Pro-rel is a subject that will not go away. The latest: the NASL's Miami FC and amateur Kingston Stockade FC of the NPSL are taking U.S. Soccer, Concacaf and FIFA to the Court of Arbitration for
Sport, filing a claim to require promotion and relegation be adopted across all U.S. divisions.
The case comes a little more than a week after a report
that international media company MP & Silva (whose founding partner is Miami FC
owner Riccardo Silva
) offered $4 billion for MLS's global media rights on the condition that MLS institute a system of promotion and relegation. With a binding television contract
that prohibits it from negotiating with others, MLS did not consider the offer.
The case will face several hurdles. 1. Have the parties exhausted their legal
CAS could throw the case out, saying that the pro-rel proponents must exhaust their administrative remedies through FIFA first (or as FIFA states in Article 58 of the
, "internal channels"). 2. Does FIFA require promotion
Miami FC and the amateur Kingston Stockade hang their hat on Article 9 of the FIFA statutes, which states: “A club's entitlement to take part in
a domestic league championship shall depend principally on sporting merit. A Club shall qualify for domestic league championship by remaining in a certain division or by being promoted or relegated to
another at the end of a season.”
FIFA goes on to state: "In addition to qualification on sporting merit, a club’s participation in a domestic league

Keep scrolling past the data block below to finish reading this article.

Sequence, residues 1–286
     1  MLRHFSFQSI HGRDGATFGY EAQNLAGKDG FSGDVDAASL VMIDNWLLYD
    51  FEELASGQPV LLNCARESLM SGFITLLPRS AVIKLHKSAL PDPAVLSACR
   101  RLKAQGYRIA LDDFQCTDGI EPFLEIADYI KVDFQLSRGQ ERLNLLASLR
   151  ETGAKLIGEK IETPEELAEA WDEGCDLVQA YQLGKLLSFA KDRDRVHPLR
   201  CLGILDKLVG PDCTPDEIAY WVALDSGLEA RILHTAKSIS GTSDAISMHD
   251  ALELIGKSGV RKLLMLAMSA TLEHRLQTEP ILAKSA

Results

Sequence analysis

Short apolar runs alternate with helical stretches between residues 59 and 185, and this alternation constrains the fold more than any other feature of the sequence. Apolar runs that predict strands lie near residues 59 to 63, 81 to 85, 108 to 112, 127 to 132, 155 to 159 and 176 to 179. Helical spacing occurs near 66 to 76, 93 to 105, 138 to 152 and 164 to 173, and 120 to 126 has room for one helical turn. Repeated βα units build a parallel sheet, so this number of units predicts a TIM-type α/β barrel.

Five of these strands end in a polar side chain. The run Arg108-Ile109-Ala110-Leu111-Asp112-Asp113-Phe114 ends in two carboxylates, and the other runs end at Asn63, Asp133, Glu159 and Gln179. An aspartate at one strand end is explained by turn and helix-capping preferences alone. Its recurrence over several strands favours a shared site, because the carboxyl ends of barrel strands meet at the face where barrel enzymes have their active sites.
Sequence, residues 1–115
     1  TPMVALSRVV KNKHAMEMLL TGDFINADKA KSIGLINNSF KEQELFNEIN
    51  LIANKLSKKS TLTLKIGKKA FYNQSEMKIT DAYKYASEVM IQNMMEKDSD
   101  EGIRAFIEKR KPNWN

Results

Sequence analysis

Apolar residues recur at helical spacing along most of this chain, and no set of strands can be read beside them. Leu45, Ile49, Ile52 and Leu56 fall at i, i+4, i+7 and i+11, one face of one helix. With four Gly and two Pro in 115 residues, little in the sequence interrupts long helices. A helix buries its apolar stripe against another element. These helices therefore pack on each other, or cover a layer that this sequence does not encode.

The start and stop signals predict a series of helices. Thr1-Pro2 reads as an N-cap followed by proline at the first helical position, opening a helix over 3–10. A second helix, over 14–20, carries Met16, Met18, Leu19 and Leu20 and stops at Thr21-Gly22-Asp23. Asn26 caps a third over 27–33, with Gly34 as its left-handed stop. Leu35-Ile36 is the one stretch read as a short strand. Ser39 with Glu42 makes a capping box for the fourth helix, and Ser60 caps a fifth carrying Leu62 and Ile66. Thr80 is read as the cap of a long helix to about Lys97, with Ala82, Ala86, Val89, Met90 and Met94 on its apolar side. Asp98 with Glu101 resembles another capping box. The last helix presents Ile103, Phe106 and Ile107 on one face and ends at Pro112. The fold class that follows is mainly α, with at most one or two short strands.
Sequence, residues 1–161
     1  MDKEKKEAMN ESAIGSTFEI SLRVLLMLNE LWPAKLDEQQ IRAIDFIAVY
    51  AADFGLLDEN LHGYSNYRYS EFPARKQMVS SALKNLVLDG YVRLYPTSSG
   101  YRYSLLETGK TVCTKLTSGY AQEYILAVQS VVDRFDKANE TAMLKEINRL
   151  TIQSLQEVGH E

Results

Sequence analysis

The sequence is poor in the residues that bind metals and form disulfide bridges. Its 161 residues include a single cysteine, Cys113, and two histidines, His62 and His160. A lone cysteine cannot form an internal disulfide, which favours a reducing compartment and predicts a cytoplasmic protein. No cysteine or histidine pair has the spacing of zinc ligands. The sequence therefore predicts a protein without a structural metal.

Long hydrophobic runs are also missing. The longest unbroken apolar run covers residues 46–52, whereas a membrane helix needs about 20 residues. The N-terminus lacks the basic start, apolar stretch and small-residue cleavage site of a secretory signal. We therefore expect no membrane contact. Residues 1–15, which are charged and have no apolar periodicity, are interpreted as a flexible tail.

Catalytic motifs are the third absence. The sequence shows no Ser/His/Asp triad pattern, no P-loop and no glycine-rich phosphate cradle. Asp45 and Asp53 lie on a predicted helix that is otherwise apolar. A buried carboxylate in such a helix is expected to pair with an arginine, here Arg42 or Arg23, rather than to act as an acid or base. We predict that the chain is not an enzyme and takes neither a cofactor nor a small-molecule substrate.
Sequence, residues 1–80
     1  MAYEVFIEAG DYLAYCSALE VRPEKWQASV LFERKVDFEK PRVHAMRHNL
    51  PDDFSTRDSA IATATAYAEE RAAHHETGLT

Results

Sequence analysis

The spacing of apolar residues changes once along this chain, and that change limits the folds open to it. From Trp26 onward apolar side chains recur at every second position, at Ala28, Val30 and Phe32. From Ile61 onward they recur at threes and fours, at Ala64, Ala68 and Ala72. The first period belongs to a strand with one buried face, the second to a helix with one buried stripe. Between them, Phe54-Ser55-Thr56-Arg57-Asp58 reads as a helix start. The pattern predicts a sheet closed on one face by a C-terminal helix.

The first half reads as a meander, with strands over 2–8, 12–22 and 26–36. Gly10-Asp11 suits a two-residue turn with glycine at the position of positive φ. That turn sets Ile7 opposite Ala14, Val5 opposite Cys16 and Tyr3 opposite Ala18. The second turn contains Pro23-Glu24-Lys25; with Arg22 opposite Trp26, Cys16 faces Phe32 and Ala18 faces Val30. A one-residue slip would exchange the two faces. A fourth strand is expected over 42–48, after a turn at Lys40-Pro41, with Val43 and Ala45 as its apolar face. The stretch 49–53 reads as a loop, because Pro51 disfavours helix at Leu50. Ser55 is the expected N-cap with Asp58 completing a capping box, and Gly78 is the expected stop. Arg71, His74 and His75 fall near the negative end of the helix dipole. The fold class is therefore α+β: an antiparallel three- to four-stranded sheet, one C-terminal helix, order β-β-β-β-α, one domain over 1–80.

championship may be subject to other criteria within the scope of the licensing procedure, whereby the emphasis is on sporting, infrastructural, administrative, legal and financial considerations.
Licensing decisions must be able to be examined by the member association’s body of appeal."
The licensing requirements in countries like France and Germany are indeed quite
rigorous for teams seeking to gain promotion. Indeed, the likely outcome of promotion and relegation in the United States, at least between D1 and D2, would be that the "licensing requirements" --
e.g. similar to U.S. Soccer's sanctioning requirements or MLS's requirement of expansion bidders -- would exclude most promoted teams as things exist now.
A key question is whether FIFA
even requires leagues to operate pro-rel or whether those operating pro-rel must abide by the requirements it set out.
In March 2008, FIFA specifically mentioned "closed leagues" like
those that operate in the United States and Australia when it stated
the purpose of instituting
new rules for other leagues -- those using promotion and relegation: Concept: Results on the pitch decide whether a club goes up or down a level in every championship around the world
except in the United States and Australia, where there are "closed" leagues. Recently it has been possible to achieve promotion artificially by buying or moving a club. FIFA wishes to make sure that
this cannot happen again.
Objective: To protect the traditional promotion and relegation system for clubs based purely on sporting criteria - which is the very essence of
FIFA then used the example of a Spanish fourth division club buying a second division club to claim promotion. (The same thing has happened in Mexico where relegated clubs
have bought other clubs to stay up.)
The legislative history of Article 9 suggests it covers leagues that use promotion and relegation, not that it requires promotion and relegation.
Since 2008, India has adopted a "closed system," at least for the top-level Indian Super League.
In the long term, the only case a club like Miami FC might have is to take U.S. Soccer to
U.S. Federal court on antitrust grounds to attack U.S. Soccer's sanctioning authority to classify a league like MLS as "Division I" and in effect create barriers for other competitive leagues to
U.S. Soccer and MLS have won every legal battle up until now, though their antitrust protection has not been fully confirmed because of the peculiarities of the cases.
In any event, such a new legal battle would be lengthy and costly, likely beyond the capacity of the plaintiffs to survive.